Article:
In part two of our ongoing series focusing on the Chargers strengths and weaknesses, we take a closer look at the running back position. I was hoping to have some finality to the Ladainian Tomlinson contract renegotiations before writing this column, but as of today we still don’t know exactly how it’s all going to pan out. Will LT and the Chargers reach an agreement soon, or will this drag out to the point where the team is forced to take drastic measures? All we can do now is speculate, as any number of conclusions seem feasible.
Those who have followed my columns over the years know how highly I regard LaDainian Tomlinson. He is a genuine guy, a player with a lot of passion for the game and a lot of heart. As running backs go, he will forever be listed among the best ever. Unfortunately, last season was probably the worst of LT’s renowned career since his rookie season in 2001. His 1110 yards rushing was his lowest ever, and his 11 rushing TD’s was a large drop from previous years. Now that single below average (for LT), injury-riddled season has led to some doubt that LT will return to the Chargers for the 2009 season.
There are basically two schools of thought regarding LT at this point in his career. The first sees LT as an aging, overused running back whose career is on the decline and will never recover. A knee injury in the 2008 playoffs, as well as multiple injuries in the 2008 season point towards the beginning of the end for LT’s career. Knee, toe, and groin injuries are not exactly the building blocks for future successful seasons as a running back, so for all intents his career is over.
The second school of thought believes that LT is still one of the best-conditioned athletes in the NFL, and that the injuries he has sustained are mere flukes and not a signal for future injury. The more significant worry is improving the offensive line that regressed dramatically last year. We’ll dig into the O-line in future columns, but basically two injured Pro-Bowl lineman with two sub-par linemen on the right side gave LT little chance to find a hole to run through.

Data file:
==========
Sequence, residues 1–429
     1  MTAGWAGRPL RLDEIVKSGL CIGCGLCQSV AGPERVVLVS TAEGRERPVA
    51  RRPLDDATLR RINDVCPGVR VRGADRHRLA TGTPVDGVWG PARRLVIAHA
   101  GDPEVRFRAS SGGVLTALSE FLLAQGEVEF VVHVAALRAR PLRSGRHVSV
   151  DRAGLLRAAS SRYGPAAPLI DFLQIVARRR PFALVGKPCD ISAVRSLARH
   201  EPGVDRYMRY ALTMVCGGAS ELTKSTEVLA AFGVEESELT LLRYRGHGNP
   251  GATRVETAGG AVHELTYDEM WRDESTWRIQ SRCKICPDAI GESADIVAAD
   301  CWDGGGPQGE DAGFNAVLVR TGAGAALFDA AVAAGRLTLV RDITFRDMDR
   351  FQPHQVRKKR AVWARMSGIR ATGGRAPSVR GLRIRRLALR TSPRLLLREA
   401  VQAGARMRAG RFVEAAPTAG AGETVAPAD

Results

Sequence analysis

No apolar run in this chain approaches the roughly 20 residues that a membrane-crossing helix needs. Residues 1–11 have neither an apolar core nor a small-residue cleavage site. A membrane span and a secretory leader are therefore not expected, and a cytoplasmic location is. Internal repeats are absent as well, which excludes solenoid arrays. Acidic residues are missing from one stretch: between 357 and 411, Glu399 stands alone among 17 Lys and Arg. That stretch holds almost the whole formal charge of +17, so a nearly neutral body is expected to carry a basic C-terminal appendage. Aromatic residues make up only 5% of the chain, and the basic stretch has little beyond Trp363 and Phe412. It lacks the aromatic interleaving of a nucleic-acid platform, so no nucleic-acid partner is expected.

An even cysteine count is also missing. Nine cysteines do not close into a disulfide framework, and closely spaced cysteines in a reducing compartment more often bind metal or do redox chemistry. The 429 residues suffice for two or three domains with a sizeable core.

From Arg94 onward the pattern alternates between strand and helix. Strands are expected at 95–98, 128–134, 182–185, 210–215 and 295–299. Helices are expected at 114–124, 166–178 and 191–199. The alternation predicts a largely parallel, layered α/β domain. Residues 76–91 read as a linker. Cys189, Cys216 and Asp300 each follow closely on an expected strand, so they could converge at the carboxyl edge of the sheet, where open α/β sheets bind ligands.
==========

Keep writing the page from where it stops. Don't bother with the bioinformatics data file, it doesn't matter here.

As you decide which school of thought you subscribe to, I can’t let you forget about Darren Sproles, who’s franchise tag insures that the Chargers can at least control his destiny for the upcoming season. This fan favorite opened a lot of eyes in the playoff win against Indianapolis. He’s a great change-up and a deadly weapon for any offensive coordinator. I’ll admit that the franchise tag surprised me, but I believe that in the long run it was really just a negotiating tactic for the Chargers. Expect the Chargers to figure out a way to sign him to a multi-year deal or trade him. I just can’t see them paying Sproles franchise-tag money for one season, especially for a guy whom the Chargers know can’t be our 1st string running back.
That brings us back to LT. The uncertainty surrounding the future Hall Of Famer has a lot of fans divided. Whether you believe he’s past his prime or not, I simply ask: Are we better off with or without LT next season? I have to believe that we are better off with LT. On a team with some important holes to fill, I don’t want to use a 1st round pick on LT’s replacement, and I don’t believe that Sproles can carry the team on his diminutive shoulders.
That means you have to keep LT. You have to find a way to make it work. I’m all for renegotiating his contract since he’s willing to discuss it but you can’t let the guy walk. We have too many other positions to worry about to try to replace a guy who still had over 1000-yards rushing while playing 15½ games with an injury.
In this discussion of Chargers running backs you can’t forget Michael Bennett, Jacob Hester, and Mike Tolbert. Bennett is a solid veteran backup who received surprisingly little work last season. He should be in the Chargers plans for 2009, and I’m hoping with a full training camp he will be given a little playing time in the regular season. Hester, as good of a guy as he is, was a waste of a 2009 2nd round draft pick. Most everyone believes that AJ picked him too early in 2008 (3rd round) and gave up too much to get him (see that 2009 2nd round pick). That being said, he’s a gamer who could turn into a Mike Alstott type of player. He lacks some of the raw athleticism of some of his peers, but he is the type of player who plays tough and can continue to improve with enough playing time. Expect him to start at fullback for the Chargers, with Tolbert filling the backup fullback role unless the Chargers find another guy they just can’t pass up.
We’re getting close to a final decision on LT, one way or the other, so give us your predictions ASAP.
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